Muslim Women

962 words - 4 pages covers the head and body. The ninth picture shows one man with a sword and a group of women with their hands tied. They are completely covered, including their eyes. The last picture shows a young girl with brown hair with a sign. The signs says “I can support women’s right with my clothes on.” Nine out of the ten pictures show a generalized image of Muslim women. Analysis: These pictures contain some sorts of inequality. Although

Muslim Women

1706 words - 7 pages -subject-of-women-in-islam-1.1248295 Smith, J. I. (n.d.). Islam and the Role of Women. Beliefnet. Retrieved November 17, 2013, from http://www.beliefnet.com/Faiths/Islam/2001/10/Islam-And-The-Role-Of-Women.aspx [Untitled image of a cartoon with a female in a bikini and a Muslim woman]. (n.d.). Retrieved November 25, 2013, from https://thebaochi.files.wordpress.com/2011/10/cartoon.jpg [Untitled image of a Muslim man with a quote]. (n.d

Life of a Muslim in the U.S. after 9/11

1030 words - 5 pages On September 11, 2001, since the terrorist attacks, many American Muslims have been stereotyped negatively in the United States. Salma, a Muslim woman, says that the way Muslims have been recognized in the media has played a big role in the antagonisms directed to her. “I don’t know how many time I heard my classmates accuse me of being al-Qaeda or a terrorist” (Mayton 2013). Salma, along with other Muslims, even after a decade, are still

Islam

1114 words - 4 pages purified to be “halal” or permissible under Islamic law. This cleansing ritual allows a Muslim woman to purify herself prior to offering prayers to Allah. After the purification process, several of the women dressed themselves in modest long sleeved dresses that reached the floor and covered their heads with the tudung or headscarf. According to Islam, this form of dress is to safeguard their modesty and decency, bliss and the moral ideals of

Muslim Women's Rights: Misunderstood

1144 words - 5 pages as he is the caretaker. Islam regards the man as the guard of the Muslim woman. It is the role of men to protect women, provide her food and fulfill her needs. On the other hand, the Muslim women have charge at home. It is their duty to take care children, household chores, and other matters. So there will be a balance between men and women’s duties. Prophet Muhammad (P.B.U.H) preaches to men to love their mothers, sisters, daughters and

Mohamed's Wives Roles

836 words - 3 pages that allowed Muhammad to leave the trading business and lead a contemplative religious life.She was the first person to accept Islam. She was a big part of the transformation of the 7th century Arabian society. The fact that first person to have accepted Islam is a woman and not a man has in itself a significance for the role of women in the venture of Islam. "The faith of this mature, wealthy women of high standing in the community must have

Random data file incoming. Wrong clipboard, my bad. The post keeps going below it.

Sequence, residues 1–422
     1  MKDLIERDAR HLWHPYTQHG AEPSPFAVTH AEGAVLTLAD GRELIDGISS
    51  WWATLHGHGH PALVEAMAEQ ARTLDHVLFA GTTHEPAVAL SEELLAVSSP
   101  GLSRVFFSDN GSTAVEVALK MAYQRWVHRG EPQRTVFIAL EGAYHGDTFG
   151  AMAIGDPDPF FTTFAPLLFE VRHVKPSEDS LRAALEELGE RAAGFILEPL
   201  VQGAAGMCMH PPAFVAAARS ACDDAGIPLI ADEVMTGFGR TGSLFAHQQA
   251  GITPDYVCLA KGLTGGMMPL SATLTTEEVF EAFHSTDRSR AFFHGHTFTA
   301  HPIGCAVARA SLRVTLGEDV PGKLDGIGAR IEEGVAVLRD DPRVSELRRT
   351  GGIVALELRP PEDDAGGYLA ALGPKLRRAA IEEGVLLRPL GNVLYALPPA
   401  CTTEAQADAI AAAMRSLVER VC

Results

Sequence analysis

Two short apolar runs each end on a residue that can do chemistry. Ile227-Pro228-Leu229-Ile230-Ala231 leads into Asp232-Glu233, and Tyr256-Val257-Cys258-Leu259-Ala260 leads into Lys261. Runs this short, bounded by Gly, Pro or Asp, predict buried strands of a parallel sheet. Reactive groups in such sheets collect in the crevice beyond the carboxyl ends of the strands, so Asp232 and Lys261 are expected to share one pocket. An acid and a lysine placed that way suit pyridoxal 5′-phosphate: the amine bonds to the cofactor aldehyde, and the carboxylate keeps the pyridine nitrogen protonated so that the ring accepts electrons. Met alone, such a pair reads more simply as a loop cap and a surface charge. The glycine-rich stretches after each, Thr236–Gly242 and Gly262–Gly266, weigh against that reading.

Similar Essays

Activism For The Muslim Woman Essay

1807 words - 7 pages like to change and some simply learn about it in depth. But they are always acutely familiar with their cause. They know what they want. One of the groups that need change to touch their lives is Muslim women. Historically, women were given equal rights under the Islamic rule. Allah has said in the Quran: “Whoever works righteousness, man or woman, and has Faith, verily, to him will We give a new Life, a life that is good and pure and We will

First Woman Leader Of A Muslim Nation

1448 words - 6 pages women’s suffrage in the U.S. were, for the most part, left unharmed. (Catt, 1923) In Muslim culture a woman who spoke against a man would be publicly shamed, and put to death. A woman’s place was to stand behind the men of her country, to do otherwise would condone death upon her and shame on her family. Bhutto was the first woman leader of a Muslim nation. Bhutto had been exiled many times during her reign. After her father’s death Bhutto was

Holding Back The Muslim Woman: Her Body, His Choice

1663 words - 7 pages with them without consent or willingness as rape, but instead saw it as them being good wives and good Muslim women for their husbands. The women are taught this mindset in schools and marriage classes to further solidify their relationships. These religious ideals have negative implications because they connect sexual availability and pleasing men to a woman’s personal identity. Therefore, if a woman refused to satisfy a man for any reason, she

Muslim Vs. Rastafarians Islam Interprets The Relationship Between A Man

2293 words - 9 pages MUSLIM VS. RASTAFARIANS Islam interprets the relationship between a man and a woman as one, which should make many babies while living a peaceful existence. “...(God) has created men and women as company for one another, and so that they can reproduce and live in peace and serenity according to the commandments of Allah and the directions of his messenger.” On the other hand,“...(Rastafarians) view the position (of) women as a (weak